It is a truism in business that you can’t improve what you don’t measure. Gathering comprehensive analytics is critical to learning what areas agents need to improve.
Just as you need to gather call metrics to analyze agent performance, you also need to measure customer satisfaction to properly evaluate how customers feel about process changes and improvements.
5. Look at your routing strategies
Rather than routing customers to the first available agent, advanced call-routing strategies can help boost efficiency by ensuring customers are connected with an agent who can assist them from the beginning – eliminating extra hold time caused by transferring from agent to agent. Skills-based routing is an excellent strategy for ensuring high-efficiency and higher rates of first-call resolution.
6. Agent training
It may sound like common sense, but when you hire new agents, ensure you are providing them with comprehensive training, which includes the software platforms used in your contact center, frequently encountered problems (and their solutions), and how to find needed information and answers. You should make a habit of regularly reviewing the knowledge provided by your interaction metrics to identify and create new employee education programs when new challenges arise.
Call control training – there are certain conversational techniques that improve interaction efficiency and prevent agents from getting bogged down in unnecessary details, such as asking close-ended questions, rather than open-ended questions. When your agent remains “in control” of the interaction, they can ensure issues are resolved smoothly and efficiently.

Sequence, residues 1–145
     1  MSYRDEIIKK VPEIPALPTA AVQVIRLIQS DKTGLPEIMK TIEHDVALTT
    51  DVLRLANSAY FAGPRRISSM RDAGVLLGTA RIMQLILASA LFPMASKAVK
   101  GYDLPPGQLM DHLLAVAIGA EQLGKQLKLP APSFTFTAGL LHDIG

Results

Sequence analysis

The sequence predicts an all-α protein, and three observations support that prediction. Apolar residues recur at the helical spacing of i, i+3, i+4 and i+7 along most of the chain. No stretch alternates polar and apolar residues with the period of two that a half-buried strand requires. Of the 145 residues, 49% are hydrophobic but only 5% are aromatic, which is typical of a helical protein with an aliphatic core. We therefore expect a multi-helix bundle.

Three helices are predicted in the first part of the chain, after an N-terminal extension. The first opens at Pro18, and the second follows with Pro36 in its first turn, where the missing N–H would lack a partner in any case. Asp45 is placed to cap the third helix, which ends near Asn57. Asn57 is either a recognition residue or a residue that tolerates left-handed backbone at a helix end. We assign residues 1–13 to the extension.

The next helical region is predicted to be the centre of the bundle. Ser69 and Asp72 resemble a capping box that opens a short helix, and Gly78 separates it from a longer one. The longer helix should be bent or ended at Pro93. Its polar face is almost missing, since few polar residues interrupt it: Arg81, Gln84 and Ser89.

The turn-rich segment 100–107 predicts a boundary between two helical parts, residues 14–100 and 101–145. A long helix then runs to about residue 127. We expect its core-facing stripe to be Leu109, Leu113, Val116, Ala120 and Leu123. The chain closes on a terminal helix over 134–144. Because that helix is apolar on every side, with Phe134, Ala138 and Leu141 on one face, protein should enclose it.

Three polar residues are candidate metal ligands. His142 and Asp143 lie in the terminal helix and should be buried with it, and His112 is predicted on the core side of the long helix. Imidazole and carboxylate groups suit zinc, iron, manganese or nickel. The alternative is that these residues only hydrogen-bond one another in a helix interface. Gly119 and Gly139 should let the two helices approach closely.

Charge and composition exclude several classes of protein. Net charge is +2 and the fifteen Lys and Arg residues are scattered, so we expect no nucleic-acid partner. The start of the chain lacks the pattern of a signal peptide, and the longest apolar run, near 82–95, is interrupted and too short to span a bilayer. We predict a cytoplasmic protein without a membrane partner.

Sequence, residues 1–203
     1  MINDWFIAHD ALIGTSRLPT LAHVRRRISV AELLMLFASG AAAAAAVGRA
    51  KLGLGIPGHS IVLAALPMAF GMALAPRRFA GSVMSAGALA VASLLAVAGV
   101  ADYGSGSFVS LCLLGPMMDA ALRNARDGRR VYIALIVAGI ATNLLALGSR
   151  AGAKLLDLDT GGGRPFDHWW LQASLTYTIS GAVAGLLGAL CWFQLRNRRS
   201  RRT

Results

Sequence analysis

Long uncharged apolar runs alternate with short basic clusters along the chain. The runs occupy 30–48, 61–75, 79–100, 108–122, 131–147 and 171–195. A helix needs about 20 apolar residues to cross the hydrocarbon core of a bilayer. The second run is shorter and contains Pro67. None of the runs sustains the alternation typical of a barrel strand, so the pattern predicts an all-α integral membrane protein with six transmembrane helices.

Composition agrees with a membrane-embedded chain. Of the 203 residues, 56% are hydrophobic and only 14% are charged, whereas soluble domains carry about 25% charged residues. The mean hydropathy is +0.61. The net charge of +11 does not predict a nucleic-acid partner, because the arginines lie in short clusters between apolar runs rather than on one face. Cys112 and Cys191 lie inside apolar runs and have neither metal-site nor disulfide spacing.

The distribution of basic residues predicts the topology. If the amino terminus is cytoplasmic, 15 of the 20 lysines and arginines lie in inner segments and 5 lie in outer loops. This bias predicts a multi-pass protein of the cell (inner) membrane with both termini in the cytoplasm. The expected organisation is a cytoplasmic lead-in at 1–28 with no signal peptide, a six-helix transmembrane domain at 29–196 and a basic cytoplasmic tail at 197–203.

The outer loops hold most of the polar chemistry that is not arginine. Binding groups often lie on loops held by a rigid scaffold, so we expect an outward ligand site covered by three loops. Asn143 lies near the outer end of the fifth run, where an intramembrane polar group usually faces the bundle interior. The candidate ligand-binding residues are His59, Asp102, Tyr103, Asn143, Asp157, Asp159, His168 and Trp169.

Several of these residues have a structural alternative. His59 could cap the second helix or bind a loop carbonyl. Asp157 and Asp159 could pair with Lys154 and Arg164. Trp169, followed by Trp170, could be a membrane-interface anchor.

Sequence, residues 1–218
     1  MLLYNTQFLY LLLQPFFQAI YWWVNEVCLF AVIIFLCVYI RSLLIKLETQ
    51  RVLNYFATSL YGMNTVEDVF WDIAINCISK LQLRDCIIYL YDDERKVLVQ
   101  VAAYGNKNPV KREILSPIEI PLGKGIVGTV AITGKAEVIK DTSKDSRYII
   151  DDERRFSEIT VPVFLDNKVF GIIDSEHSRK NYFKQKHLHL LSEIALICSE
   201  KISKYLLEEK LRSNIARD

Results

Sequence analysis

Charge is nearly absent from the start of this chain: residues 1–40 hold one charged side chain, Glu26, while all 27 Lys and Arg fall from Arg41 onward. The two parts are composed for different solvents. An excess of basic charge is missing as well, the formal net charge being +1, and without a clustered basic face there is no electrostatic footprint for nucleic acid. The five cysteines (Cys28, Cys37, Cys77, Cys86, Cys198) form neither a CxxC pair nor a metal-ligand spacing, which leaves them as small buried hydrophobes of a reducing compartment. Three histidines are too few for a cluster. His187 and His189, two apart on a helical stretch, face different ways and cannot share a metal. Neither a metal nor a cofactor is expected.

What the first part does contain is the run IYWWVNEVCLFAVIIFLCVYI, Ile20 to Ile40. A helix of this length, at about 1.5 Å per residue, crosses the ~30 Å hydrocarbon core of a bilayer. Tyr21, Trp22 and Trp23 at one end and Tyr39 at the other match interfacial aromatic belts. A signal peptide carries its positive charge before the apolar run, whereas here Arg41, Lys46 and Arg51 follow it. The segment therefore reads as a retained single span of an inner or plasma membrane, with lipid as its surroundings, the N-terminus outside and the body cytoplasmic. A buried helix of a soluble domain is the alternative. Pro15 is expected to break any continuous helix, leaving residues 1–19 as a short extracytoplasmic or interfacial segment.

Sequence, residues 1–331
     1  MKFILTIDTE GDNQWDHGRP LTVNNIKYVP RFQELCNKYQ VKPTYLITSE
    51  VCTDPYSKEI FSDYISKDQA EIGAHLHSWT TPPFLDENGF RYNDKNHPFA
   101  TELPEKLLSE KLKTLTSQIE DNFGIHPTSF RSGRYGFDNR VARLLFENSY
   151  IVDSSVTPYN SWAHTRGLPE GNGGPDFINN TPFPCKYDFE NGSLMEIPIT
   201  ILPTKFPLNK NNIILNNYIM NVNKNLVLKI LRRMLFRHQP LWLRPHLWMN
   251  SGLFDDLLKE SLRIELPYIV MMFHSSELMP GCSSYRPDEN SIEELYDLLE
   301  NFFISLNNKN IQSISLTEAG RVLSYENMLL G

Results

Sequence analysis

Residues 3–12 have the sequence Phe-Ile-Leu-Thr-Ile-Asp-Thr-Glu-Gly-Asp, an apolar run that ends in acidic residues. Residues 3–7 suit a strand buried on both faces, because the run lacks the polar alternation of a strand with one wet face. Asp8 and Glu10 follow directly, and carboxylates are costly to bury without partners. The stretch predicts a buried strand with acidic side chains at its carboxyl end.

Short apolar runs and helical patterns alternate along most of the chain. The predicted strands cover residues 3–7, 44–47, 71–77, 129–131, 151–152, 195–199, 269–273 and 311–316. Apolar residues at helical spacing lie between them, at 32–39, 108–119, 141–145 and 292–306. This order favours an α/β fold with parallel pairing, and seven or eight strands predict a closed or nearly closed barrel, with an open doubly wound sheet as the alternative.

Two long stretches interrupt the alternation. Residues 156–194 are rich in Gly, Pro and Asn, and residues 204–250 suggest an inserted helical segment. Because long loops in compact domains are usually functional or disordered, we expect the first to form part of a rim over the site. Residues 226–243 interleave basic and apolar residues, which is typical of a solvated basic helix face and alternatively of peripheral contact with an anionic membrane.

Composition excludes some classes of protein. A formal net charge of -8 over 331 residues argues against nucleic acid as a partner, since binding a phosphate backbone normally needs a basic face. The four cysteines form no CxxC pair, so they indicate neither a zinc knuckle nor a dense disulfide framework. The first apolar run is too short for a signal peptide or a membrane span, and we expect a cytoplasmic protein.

New agents – while it can be tempting to save on training costs by having new agents learn by doing the job, in the long run you are costing yourself lost efficiency and added customer aggravation. Undertrained agents will only serve to increase your average hold times, as they will frequently need to place callers on hold to find the information needed to assist the customer. Because they will require assistance from others, they will also hamper the efficiency of agents and supervisors around them.
Providing adequate training before moving new trainee agents into the call center will benefit everyone: better call efficiency, better agent morale, and a better customer experience.
7. Scripts and cheat sheets
Scripts are an important resource for agents who must handle a wide variety of interactions, as are cheat sheets. Cheat sheets should contain the most commonly referenced pieces of information, which might include:
- Important phone numbers
- Current promotions and offers
- Notes on recent system updates or outages
- Key pieces of information needed for a particular task
- Answers to high-volume “nuisance” inquiries
8. Use workforce management to solve staffing issues
If your contact center isn’t already using workforce management (WFM), you should be. Customer service can be highly seasonal, so it’s important to plan staffing around estimated call volume. Historical interaction data and metrics can be used to predict call volume and workforce management will help reduce staffing issues.
9. Look at how the rest of your organization affects hold times